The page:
The easiest way to get an equipment loan is to work with a food truck builder who has a relationship with outside lenders. They will be able to put together a financing package that includes your truck and all of the equipment needed to get you operational.
Business Lines of Credit
If you anticipate needing funding for more than just your taco truck, then you should consider a business lines of credit for your food truck loan.
Business lines of credit give you access to funds from which you’ll be able to draw capital as needed. When you repay your business line of credit, you’ll only owe for the amount you actually end up spending. This means you only pay interest on what you end up spending.
If you need less than $50,000 to finance your taco truck, then look into SBA Microloans. Through this program, the Small Business Association provides loans of $500 to $50,000 or less to community-based non-profits that, in turn, lend the proceeds to local small businesses.
Business Credit Cards
Business credit cards are an option for food truck financing due to the facts that in many cases you don’t need a huge loan. Even if you’re just starting your food truck, this is an option. The key is that you will need at least an average personal credit score to access spending power through a business credit card.
Crowdfunding is especially useful for taco trucks that need to access financing. Using websites like Kickstarter and IndieGoGo, you can launch fundraising campaigns and ask for customers, family, friends, and strangers to contribute donations to finance your food truck.
The next steps will involve compiling all of your necessary information including all of the documents to verify that information. Then, you’ll need to apply for the loans or launch your crowdfunding campaign.
What Makes Your Taco Truck Unique?
Tacos have been a steady part of American dining for centuries. So how are you going to create a taco truck that will attract a steady flow of customers? This is where you need to stand out from the crowd. You can set your taco truck up for success by:
- Knowing your customer.
- Understanding your competition.
This is why I stressed these points early on in this article. However, I didn’t explain the final point which is based on using your strengths to keep your customers back for more.
- Capitalizing on your core competencies.
The key to differentiating your food truck is to create a unique experience and making sure that experience fits your target market. Think of it this way. Each time someone walks up to your taco truck, they are evaluating the experience they’ll get from a meal at your truck. With this knowledge, you will come to understand how your food truck will give customers the best experience possible.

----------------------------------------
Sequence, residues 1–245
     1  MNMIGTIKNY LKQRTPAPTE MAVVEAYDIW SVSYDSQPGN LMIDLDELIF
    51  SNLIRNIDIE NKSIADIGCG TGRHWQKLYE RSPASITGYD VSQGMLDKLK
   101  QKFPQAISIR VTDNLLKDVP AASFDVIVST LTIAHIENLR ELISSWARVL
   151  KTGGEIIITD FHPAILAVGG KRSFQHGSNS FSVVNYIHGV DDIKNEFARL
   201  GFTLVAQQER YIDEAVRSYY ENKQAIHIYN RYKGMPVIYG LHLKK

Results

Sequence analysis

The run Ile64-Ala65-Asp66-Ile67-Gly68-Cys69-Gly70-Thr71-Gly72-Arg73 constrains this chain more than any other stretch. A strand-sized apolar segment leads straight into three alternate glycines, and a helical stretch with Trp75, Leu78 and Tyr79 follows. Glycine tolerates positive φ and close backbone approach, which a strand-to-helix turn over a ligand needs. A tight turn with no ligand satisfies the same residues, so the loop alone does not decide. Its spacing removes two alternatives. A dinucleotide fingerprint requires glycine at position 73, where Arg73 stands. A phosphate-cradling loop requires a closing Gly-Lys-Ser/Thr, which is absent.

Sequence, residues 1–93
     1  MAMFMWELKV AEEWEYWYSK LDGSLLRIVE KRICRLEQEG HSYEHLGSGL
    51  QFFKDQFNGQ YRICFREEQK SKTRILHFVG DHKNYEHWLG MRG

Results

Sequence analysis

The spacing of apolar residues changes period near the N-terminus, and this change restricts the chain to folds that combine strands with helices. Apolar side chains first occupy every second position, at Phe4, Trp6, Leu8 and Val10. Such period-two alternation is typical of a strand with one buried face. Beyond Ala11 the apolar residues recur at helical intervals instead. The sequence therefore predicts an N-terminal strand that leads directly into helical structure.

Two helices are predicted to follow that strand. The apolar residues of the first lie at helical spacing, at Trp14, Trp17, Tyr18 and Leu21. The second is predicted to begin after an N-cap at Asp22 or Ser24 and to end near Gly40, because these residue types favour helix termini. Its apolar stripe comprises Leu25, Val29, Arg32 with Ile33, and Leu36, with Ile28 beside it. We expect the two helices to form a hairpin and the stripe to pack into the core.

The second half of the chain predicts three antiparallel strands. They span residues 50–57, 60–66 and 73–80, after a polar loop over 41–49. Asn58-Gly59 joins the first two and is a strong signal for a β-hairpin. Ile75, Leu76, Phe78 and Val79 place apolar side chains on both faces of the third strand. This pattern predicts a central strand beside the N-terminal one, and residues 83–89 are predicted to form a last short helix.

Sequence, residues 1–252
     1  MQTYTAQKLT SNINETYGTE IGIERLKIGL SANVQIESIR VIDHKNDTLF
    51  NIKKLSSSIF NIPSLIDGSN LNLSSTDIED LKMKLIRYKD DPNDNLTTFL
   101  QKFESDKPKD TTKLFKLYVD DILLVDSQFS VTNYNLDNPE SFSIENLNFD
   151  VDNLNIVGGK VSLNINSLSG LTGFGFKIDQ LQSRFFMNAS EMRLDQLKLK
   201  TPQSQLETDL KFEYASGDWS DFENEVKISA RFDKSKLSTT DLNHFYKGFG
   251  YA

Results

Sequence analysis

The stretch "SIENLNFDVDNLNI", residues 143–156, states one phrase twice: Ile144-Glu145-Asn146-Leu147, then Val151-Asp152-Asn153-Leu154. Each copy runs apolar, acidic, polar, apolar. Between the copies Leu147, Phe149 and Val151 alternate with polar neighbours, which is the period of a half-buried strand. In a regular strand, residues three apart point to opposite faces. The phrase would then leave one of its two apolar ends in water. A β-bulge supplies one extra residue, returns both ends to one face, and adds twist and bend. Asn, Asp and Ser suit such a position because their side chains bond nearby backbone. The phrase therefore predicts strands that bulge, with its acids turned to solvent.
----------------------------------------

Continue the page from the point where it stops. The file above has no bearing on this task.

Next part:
This is a winning formula where you clearly demonstrate customer value, and where your competitors are unable to replicate the experience that your food truck provides.
Next Steps In Starting A Taco Truck Business
Create A Taco Truck Business Plan
These are just the initial questions a prospective taco truck vendor must answer, but there are many more. I have always explained the importance of writing a food truck business plan. The primary reason is due to the questions that will arise as you work through your initial draft.
Not only do you need to have a clear knowledge of your proposed business, but unless you have a bank account filled with cash, you are going to need to find a lender to assist you in getting started. This is where the business plan comes into play.
Keep On Trucking
Once you’ve completed your business plan, you will have answered a lot of questions. These answers will tell you if you have a sound taco truck concept and if it will be profitable. Now comes the hard work. It’s time to start using these answers to make your dream a reality.
A nice thing for you, is that over the years, we’ve created content to help you along the way. The next step in the process is to continue your research, our suggestion is to start searching through the numerous articles, on just about every food truck related topic, read and learn from them.
RELATED: How To Start A Food Truck Business
The Bottom Line
Starting a taco truck business is no easy task, but if you ask and answer these standard questions, you’ll be on the road to becoming the next great track truck in our growing mobile food industry.
Do you own or have you owned a taco truck? What other points must a prospective answer before spending any money on their new venture? Share your thoughts on this topic in the comment section, our food truck forum or social media. Facebook | Twitter